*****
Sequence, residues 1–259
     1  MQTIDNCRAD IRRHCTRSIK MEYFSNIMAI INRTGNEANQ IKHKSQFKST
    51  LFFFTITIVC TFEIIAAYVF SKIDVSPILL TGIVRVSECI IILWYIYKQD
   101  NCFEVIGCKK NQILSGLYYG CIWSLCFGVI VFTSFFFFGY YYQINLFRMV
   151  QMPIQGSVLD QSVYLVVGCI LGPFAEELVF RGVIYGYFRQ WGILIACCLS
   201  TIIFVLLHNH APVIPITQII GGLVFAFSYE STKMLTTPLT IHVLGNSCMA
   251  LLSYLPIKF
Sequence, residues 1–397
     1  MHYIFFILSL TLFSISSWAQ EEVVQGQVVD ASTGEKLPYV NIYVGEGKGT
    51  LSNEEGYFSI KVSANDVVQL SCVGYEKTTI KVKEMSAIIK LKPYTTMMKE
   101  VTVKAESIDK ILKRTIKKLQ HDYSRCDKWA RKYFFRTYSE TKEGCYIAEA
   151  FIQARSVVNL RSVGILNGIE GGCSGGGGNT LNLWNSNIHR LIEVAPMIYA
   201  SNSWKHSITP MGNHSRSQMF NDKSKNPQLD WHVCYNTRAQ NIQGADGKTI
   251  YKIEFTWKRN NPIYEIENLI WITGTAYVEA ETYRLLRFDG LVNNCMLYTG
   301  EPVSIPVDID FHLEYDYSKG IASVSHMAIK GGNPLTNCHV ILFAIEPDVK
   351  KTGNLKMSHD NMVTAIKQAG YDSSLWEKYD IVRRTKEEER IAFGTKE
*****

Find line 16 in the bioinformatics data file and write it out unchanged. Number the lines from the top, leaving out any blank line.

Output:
   351  KTGNLKMSHD NMVTAIKQAG YDSSLWEKYD IVRRTKEEER IAFGTKE